While stabilization efforts have begun in a number of areas throughout Syria in which the conflict has diminished, “the country is still in the throes of conflict; there is not a political settlement yet,” said Yacoubian. As outlined in the report, however, international actors cannot plan their reconstruction efforts around a post-war scenario.

Itani and Schneider recognized that the ongoing rule of the Assad regime is an unavoidable reality of reconstruction efforts. “We accept that the regime of Bashar al-Assad will remain in place in Damascus, and we will have to step around that,” said Schneider. “We have to, for practical as well as moral problems.”

“Going through the regime at this point wouldn’t serve humanitarian interests in the immediate sense,” according to Schneider, and “we would also cement the population warfare that has been waged.”

Instead, Schneider described the strategy outlined in the report which is to “look for communities, territories, areas in Syria where meaningful things can be done.” Key geographies fitting this description include: Syrian Democratic Forces-controlled territory, including northern Aleppo; Euphrates Shield territory, on the border with Turkey; and in opposition-held areas near the Syria’s southern border with Jordan.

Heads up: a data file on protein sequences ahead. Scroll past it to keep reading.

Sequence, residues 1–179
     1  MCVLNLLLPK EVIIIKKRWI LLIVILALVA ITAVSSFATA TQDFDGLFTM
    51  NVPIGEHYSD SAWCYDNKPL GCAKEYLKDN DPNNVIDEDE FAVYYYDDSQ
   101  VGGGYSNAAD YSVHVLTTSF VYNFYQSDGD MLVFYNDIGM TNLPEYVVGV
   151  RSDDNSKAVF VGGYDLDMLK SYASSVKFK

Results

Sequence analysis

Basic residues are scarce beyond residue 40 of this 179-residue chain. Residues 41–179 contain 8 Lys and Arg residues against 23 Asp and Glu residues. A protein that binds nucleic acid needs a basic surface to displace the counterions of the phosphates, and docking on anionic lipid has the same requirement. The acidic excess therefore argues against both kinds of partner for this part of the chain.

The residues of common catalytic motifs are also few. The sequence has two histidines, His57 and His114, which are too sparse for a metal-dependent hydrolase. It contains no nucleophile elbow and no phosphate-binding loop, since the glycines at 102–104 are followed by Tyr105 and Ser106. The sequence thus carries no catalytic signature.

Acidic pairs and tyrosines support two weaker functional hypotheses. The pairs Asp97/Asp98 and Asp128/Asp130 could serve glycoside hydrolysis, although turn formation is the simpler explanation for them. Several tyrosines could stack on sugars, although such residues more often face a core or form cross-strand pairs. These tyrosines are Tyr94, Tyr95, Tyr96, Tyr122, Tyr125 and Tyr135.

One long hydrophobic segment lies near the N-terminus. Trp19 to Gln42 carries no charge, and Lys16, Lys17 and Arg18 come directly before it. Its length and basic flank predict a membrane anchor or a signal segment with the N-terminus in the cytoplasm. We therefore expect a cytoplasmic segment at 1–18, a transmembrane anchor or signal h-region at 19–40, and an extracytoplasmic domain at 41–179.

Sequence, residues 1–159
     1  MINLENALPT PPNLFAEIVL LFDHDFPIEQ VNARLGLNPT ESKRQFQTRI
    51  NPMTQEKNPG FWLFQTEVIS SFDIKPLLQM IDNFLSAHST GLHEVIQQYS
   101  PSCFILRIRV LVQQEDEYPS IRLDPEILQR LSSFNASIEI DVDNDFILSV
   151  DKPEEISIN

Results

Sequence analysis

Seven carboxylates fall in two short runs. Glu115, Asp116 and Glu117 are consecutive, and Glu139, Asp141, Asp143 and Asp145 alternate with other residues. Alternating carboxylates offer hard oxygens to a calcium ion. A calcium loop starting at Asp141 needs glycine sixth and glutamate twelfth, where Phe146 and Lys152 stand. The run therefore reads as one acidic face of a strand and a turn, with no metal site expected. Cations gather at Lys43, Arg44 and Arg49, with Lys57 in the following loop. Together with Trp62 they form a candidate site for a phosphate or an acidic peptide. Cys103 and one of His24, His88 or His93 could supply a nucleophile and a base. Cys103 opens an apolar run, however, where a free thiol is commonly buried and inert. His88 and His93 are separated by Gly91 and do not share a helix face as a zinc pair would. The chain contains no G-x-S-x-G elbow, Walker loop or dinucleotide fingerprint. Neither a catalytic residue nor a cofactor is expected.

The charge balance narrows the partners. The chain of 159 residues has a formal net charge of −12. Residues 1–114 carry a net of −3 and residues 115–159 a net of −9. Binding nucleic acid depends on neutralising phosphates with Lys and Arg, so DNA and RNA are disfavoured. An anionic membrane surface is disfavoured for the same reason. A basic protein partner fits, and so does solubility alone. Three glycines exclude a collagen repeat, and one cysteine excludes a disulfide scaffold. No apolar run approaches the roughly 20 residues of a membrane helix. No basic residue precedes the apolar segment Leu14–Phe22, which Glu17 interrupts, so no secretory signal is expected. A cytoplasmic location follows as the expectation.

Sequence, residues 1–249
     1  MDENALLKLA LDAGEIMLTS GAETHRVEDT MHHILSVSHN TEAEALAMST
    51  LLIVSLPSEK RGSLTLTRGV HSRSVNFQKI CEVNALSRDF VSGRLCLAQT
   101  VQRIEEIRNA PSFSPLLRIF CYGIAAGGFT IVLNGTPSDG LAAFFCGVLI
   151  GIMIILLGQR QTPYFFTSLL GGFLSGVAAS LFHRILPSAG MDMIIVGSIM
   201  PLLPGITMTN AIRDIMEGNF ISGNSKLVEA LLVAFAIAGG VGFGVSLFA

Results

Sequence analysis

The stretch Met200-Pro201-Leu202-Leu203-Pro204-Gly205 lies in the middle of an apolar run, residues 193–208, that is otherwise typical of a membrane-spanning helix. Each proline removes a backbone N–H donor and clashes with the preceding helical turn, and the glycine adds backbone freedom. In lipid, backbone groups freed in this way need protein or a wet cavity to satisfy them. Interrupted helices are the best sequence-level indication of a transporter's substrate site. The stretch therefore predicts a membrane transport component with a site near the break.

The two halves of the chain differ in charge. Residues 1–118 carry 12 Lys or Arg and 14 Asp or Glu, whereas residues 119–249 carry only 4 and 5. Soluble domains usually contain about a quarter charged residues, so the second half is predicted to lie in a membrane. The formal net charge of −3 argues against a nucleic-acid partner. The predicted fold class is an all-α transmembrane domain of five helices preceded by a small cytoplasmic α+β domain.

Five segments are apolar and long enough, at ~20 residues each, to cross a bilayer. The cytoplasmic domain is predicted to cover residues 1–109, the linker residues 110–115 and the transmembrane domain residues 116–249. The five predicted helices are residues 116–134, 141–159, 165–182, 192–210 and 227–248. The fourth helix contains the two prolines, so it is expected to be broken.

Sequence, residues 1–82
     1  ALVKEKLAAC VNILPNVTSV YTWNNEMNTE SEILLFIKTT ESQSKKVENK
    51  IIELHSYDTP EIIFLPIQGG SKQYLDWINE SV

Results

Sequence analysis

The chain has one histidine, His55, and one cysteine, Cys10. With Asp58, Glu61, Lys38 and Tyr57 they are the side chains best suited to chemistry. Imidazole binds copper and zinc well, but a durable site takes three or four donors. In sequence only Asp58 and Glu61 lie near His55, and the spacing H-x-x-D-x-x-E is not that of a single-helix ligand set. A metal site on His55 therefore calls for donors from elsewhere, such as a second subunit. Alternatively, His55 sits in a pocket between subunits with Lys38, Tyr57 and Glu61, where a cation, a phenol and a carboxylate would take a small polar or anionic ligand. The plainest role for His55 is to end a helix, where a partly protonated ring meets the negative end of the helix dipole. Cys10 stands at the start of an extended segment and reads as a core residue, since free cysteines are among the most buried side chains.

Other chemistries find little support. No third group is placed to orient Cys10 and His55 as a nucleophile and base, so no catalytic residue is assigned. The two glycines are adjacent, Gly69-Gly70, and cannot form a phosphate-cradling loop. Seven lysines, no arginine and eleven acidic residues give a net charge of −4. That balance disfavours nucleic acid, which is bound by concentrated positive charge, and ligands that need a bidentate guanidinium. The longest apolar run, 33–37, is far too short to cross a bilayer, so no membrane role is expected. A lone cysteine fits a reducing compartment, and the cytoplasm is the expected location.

There, said Schneider, stabilization and reconstruction efforts must focus on local solutions and rebuilding of infrastructure in such a way as can be constructed, operated, managed, and maintained locally. “Local stabilization cells… have taken on this responsibility and done their own learning processes to negotiate spaces that can be used at various levels,” he said.

However, Itani cautioned, the peace enjoyed by these areas is temporary. The de-escalation agreements which have brought a reprieve from conflict are the “least bad hope in order to bring about a sustained end of violence,” he said. An effective de-escalation zone requires an enforcement mechanism, according to Itani. Without that, he said, it would be “foolish” for Western countries to go in and try to completely rebuild.

Ultimately, “proto-democracy in war time is never going to be smooth,” said Schneider. He cautioned that “if we have too high of standards… we set ourselves up to fail.”

Yet only a year ago, said Itani, the idea of reconstruction in Syria was “an academic debate.” Now, he added, “the idea that the West may be part of this process of rebuilding Syria is not far-fetched.” According to Itani, there is a heartening degree of institutional memory in the United States. “We have a lot to build on and scale on,” he said, “we’re not starting from zero.”

Rachel Ansley is an editorial assistant at the Atlantic Council.